Viewed from the front of the imaging screen, the next optical path is similar to the optical path of a conventional heads-up display: the image on the imaging screen is reflected by the first mirror (mirror) onto the second larger mirror (AR HUD mirror) . From there, shoot at the windshield. The exit surface of the reinforced optical system is almost DIN A4 sized. This results in an enhanced projection surface with a viewing area of ​​10° X 4.8°, which corresponds to an enhanced field of view with a geometric width of 130 cm and a height of 63 cm in the direct field of view. To read the information in this far-projection surface, the driver's field of view can be slightly lowered by 2.4°. The imaging unit of the two projection surfaces (state and enhanced projection surface) can adjust the display brightness with the ambient brightness, and the optical density can reach 10,000 cd/m2 or more. Therefore, it can be clearly displayed under almost any strong ambient light conditions.

In the test vehicle, the advantage of the system is to use the AR-HUD of the projection surface of two different projection distances of the Continental Group. The advantage is obvious in most traffic situations, with the 7.5 m far projection surface directly enhancing the content on the road. The 2.4 m near projection surface is used to display status information.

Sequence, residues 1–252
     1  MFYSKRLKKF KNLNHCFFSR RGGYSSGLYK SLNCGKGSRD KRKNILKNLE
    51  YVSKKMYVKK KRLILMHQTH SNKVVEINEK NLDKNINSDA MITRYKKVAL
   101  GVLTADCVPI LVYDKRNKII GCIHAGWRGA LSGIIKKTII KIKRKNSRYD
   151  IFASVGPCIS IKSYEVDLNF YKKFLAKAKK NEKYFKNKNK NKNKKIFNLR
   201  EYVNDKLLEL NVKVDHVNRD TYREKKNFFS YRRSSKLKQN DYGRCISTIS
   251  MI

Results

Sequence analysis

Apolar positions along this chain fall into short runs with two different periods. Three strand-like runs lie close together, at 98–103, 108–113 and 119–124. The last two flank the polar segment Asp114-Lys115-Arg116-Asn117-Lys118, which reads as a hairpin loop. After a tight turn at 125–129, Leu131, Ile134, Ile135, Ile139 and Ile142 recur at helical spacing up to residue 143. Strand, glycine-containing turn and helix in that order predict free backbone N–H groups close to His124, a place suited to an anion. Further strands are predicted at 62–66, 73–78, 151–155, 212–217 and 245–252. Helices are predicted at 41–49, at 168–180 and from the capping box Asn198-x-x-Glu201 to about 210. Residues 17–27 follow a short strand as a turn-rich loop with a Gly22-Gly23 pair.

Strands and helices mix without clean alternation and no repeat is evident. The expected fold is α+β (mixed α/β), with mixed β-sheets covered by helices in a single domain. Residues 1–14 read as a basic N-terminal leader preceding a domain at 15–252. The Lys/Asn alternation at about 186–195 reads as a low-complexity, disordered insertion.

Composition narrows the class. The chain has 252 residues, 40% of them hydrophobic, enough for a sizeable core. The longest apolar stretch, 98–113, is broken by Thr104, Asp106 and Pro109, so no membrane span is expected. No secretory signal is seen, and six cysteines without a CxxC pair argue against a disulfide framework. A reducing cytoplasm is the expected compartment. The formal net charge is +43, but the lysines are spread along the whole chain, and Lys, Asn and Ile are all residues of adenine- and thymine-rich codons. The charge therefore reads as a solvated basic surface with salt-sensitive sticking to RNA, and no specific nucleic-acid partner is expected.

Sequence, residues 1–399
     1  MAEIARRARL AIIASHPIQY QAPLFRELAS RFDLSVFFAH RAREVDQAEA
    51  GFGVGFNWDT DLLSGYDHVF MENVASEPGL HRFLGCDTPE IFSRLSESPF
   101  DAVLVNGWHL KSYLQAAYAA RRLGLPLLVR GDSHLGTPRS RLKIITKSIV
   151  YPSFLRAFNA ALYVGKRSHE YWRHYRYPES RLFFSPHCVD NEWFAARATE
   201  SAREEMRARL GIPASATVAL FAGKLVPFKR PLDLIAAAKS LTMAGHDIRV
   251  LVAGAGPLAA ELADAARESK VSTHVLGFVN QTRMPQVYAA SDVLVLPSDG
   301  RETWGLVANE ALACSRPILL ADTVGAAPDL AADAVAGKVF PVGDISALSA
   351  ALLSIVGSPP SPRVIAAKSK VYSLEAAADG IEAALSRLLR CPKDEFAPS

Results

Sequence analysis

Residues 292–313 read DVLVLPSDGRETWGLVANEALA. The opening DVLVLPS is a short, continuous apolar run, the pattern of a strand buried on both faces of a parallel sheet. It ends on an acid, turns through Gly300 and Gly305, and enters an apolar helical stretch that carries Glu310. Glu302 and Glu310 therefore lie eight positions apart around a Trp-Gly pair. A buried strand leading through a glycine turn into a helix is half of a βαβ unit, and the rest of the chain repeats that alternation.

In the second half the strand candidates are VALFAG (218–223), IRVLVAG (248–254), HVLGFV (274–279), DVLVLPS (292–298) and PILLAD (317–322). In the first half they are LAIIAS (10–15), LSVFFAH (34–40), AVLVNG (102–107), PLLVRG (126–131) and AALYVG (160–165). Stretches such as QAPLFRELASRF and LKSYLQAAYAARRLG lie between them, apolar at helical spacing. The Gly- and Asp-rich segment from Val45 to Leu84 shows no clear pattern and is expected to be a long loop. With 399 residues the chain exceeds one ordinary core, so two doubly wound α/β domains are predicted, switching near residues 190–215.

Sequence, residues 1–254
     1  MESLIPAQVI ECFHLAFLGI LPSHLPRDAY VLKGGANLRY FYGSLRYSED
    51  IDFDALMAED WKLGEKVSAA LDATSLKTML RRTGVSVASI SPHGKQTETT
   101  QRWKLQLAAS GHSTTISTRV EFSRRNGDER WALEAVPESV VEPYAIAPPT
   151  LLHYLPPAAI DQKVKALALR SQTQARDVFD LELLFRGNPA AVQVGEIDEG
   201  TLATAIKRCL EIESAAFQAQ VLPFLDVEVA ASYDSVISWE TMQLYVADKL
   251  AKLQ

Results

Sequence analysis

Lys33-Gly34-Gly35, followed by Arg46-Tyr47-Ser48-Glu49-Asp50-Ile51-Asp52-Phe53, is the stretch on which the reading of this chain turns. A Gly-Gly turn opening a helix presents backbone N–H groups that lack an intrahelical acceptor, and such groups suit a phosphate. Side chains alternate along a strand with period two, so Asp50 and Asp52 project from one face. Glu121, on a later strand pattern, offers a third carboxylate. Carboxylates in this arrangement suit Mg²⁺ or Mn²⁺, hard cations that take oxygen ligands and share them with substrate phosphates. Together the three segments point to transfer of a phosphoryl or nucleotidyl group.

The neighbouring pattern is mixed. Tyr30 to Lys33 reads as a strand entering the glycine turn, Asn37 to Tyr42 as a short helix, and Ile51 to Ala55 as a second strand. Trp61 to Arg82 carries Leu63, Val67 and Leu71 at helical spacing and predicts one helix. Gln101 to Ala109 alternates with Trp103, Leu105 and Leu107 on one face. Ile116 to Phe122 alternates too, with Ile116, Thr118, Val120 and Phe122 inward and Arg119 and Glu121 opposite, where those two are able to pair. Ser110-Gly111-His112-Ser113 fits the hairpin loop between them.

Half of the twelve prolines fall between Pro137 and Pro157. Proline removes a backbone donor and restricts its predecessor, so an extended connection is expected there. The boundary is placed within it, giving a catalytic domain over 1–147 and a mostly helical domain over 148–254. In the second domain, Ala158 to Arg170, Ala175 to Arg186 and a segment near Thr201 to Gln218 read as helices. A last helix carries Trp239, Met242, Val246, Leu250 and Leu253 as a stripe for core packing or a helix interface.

AR-Creator fuses data and generates images

A large number of simulation experiments and Continental's live-action experiments have shown that the enhanced image display appears to be approximately 18 to 20 m in front of the vehicle and the driver feels comfortable when the route lasts approximately 100 m. Peter Giegerich, who is responsible for the development of AR-Creator, explains how image prompts are generated and how to properly place them. “AR-Creator is a challenging new development. This controller has to evaluate a large number of data streams. In order to accurately position the image elements on the imaging screen to accurately project into the driver's AR-HUD field of view. Some of them require considerable computation."

AR-Creator will fuse data from three sources: A single camera can be used to draw road geometry. These include the convolution curve and a mathematical description of the curvature of the front lane of the vehicle. The size, position and distance of the object in front of the vehicle are combined from radar sensor data and the camera data of the control. Finally, Continental's eHorizon provides a map framework to compile live sensor data. On the demo vehicle eHorizon is still static, using only navigation data. The Continental Group's highly dynamic networked eHorizon products have reached mass production levels, processing data from a variety of sources (vehicle-to-vehicle, traffic control centers, etc.) and displaying them on AR-HUD. Position the vehicle on a digital map by integrating driving dynamics data, camera data, and GPS data.